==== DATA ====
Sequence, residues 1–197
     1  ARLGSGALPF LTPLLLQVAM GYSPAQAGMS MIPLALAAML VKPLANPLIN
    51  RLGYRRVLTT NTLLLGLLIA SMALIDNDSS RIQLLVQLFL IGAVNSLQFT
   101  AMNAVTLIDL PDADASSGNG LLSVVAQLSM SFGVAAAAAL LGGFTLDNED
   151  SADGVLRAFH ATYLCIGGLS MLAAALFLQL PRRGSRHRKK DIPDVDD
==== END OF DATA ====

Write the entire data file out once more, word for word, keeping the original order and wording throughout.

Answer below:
Sequence, residues 1–197
     1  ARLGSGALPF LTPLLLQVAM GYSPAQAGMS MIPLALAAML VKPLANPLIN
    51  RLGYRRVLTT NTLLLGLLIA SMALIDNDSS RIQLLVQLFL IGAVNSLQFT
   101  AMNAVTLIDL PDADASSGNG LLSVVAQLSM SFGVAAAAAL LGGFTLDNED
   151  SADGVLRAFH ATYLCIGGLS MLAAALFLQL PRRGSRHRKK DIPDVDD